A festival not to be missed

YOU haven’t really lived if you haven’t been to the Chalke Valley History Festival. It has grown so rapidly that is has already become one of the summer’s must-go-to events.

Beautifully planned programmes of speakers, as well as debates, demonstrations and re-enactments, all complemented by a thoughtfully put-together range of events for school pupils have ensured that, each year, more and more people head to the back of beyond to have their minds stretched and their knowledge expanded.

Yes, I know many of the speakers are there because they have a new book out but they have to be on their mettle: if they are not impressive when they give their presentation or when they are interviewed on the stage, few people will buy the book from the on-site bookshop.

Held in a remote field at the top of a hill, the Festival was started by two history enthusiasts living nearby. With a plethora of good contacts, James Holland and James Heneage have, between them and their friends and neighbours, started something fantastic. This year, for example, more than 1,000 schoolchildren will be heading to the Festival to have their interest in history ignited, with the help of a schedule of events that links with the national curriculum, and the GCSE and A2 syllabuses.

As for the grown-ups, no detail is left to chance. Excellent sound quality in the marquees, fairly comfortable chairs, top-class catering (you order your choice of meal online in advance), and, so far, brilliant weather. Even the loos are good.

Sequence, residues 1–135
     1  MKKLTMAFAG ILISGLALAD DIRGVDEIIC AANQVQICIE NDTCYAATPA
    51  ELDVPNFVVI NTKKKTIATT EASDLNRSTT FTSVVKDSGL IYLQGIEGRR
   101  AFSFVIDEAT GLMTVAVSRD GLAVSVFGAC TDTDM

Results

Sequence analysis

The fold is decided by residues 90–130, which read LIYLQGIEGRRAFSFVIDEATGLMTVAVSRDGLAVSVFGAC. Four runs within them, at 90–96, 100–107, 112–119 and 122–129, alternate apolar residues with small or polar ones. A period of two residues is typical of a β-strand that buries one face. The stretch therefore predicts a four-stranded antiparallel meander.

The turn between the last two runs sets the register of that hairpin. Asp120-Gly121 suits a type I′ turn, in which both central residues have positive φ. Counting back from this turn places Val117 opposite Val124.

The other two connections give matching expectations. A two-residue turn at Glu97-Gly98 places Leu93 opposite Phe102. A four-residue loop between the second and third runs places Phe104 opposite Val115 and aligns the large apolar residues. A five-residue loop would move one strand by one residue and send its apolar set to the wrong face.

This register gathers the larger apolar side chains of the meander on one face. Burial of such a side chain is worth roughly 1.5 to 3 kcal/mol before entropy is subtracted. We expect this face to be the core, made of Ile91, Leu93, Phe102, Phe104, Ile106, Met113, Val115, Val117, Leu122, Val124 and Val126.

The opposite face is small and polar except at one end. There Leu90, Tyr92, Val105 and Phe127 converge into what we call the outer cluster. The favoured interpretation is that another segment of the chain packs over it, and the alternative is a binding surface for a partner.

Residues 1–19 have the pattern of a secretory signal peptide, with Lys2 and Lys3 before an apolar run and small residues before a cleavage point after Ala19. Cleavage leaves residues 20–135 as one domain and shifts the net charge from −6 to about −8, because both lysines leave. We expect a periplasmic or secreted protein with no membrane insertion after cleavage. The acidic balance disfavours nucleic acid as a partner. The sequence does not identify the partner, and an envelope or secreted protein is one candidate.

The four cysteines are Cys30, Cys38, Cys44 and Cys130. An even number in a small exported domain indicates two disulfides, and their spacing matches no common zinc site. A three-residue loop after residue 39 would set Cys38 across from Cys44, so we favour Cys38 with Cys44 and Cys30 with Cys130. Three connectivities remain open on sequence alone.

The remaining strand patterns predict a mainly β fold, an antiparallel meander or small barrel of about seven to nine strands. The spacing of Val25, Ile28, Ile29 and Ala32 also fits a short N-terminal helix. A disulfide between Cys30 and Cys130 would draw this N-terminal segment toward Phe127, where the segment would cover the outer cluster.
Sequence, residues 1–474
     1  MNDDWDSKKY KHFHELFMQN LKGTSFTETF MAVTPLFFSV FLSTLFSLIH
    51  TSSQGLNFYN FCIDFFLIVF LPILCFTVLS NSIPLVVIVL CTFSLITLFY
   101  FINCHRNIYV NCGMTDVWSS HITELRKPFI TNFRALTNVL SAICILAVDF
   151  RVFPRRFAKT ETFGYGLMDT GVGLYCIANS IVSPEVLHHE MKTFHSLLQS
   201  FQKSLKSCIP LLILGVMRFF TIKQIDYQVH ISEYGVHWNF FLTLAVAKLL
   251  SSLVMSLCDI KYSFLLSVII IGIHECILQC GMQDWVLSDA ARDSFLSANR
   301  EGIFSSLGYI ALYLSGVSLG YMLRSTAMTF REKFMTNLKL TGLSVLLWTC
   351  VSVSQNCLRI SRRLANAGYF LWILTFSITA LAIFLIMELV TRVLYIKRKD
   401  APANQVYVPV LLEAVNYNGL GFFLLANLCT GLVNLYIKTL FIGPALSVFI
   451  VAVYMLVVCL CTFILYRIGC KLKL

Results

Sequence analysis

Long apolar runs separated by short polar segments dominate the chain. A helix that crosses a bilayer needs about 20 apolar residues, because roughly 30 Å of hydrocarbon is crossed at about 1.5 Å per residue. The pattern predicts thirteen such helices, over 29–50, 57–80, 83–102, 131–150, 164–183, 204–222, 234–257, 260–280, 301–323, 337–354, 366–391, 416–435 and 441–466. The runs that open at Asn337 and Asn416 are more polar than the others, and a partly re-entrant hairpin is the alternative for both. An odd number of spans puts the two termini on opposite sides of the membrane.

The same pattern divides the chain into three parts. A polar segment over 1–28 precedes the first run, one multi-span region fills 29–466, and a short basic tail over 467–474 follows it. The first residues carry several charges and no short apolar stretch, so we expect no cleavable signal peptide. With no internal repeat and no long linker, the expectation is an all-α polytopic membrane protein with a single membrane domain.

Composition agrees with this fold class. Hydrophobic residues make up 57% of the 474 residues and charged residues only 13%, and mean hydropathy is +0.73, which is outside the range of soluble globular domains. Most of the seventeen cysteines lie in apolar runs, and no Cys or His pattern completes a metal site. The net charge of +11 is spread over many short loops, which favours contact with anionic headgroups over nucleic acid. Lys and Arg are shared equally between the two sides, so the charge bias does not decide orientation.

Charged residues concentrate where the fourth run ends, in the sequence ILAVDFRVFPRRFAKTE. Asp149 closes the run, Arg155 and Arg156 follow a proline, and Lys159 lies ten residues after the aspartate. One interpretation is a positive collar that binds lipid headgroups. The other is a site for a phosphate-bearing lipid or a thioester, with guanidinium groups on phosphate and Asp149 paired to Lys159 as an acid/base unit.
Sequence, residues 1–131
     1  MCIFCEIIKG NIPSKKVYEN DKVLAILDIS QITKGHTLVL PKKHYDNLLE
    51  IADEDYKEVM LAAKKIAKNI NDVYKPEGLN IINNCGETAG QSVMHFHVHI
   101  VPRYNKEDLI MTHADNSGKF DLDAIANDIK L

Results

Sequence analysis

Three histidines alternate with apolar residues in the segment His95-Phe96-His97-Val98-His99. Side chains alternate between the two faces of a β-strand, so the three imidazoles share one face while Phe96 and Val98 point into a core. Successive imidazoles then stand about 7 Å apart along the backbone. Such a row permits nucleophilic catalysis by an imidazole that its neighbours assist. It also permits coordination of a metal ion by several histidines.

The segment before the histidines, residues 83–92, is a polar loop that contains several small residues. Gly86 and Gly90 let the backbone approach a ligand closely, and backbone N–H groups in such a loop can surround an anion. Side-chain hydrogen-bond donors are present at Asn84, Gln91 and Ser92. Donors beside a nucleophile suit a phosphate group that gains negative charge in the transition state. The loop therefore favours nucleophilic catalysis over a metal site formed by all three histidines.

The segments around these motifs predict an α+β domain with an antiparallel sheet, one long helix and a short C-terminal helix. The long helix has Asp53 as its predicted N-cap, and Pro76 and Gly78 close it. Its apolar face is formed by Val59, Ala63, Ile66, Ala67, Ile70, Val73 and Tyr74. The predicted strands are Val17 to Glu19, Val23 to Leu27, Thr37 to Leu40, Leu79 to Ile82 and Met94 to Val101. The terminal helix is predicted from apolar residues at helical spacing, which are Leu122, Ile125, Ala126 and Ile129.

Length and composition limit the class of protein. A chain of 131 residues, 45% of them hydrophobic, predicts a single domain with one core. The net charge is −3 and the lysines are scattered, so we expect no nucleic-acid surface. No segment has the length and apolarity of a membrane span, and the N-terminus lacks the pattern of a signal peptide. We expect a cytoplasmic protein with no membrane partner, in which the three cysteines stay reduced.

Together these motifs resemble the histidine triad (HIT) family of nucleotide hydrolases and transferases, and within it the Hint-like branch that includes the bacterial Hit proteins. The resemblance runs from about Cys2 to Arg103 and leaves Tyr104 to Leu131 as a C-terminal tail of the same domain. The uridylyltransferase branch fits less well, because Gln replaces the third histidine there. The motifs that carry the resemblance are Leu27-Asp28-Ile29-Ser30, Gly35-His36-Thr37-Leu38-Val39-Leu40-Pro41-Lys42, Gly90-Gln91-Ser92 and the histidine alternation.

It also boasts its own air show, living history encampment and, for the first time, a Victory Party.

When it comes to choosing the events you want to attend, well, where do you start? First look online http://www.chalkevalleyhistoryfestival.org.uk to see if there are any tickets left because it all kicks off this week.

Ian and Victoria Hislop have both spoken at the Chalke Valley Festival in past years.

Ian and Victoria Hislop have both spoken at the Chalke Valley Festival in past years.

Old pals Lord Marland of Odstock, former Conservative Party treasurer, and Boris Johnson met at the Festival in 2013 when the ebullient Mayor of London came to talk about his book, “London”.

Old pals Lord Marland of Odstock, former Conservative Party treasurer, and Boris Johnson met at the Festival in 2013 when the ebullient Mayor of London came to talk about his book, “London”.

One of the exhibits at the Chalke Valley History Festival, and the first steam engine that The Happy Moonraker has seen being driven by a young woman.

One of the exhibits at the Chalke Valley History Festival, and the first steam engine that The Happy Moonraker has seen being driven by a young woman.

An authentic-looking First World War trench with soldiers in genuine uniforms.

An authentic-looking First World War trench with soldiers in genuine uniforms.

A close encounter

Trucks at Fisherton railway brdige 16 6 15

THE Happy Moonraker appreciates good driving – not the sort where vehicles go at twice the speed limit through villages, ignoring pedestrians walking on roads with no pavements, but the sort of driving that shows skill and judgement.